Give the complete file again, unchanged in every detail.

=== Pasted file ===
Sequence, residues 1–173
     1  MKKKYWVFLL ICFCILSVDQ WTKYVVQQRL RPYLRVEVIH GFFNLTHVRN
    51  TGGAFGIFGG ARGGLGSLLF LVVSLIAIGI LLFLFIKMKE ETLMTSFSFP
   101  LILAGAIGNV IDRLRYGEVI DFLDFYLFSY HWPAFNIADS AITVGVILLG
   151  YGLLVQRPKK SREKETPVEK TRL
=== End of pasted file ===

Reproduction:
Sequence, residues 1–173
     1  MKKKYWVFLL ICFCILSVDQ WTKYVVQQRL RPYLRVEVIH GFFNLTHVRN
    51  TGGAFGIFGG ARGGLGSLLF LVVSLIAIGI LLFLFIKMKE ETLMTSFSFP
   101  LILAGAIGNV IDRLRYGEVI DFLDFYLFSY HWPAFNIADS AITVGVILLG
   151  YGLLVQRPKK SREKETPVEK TRL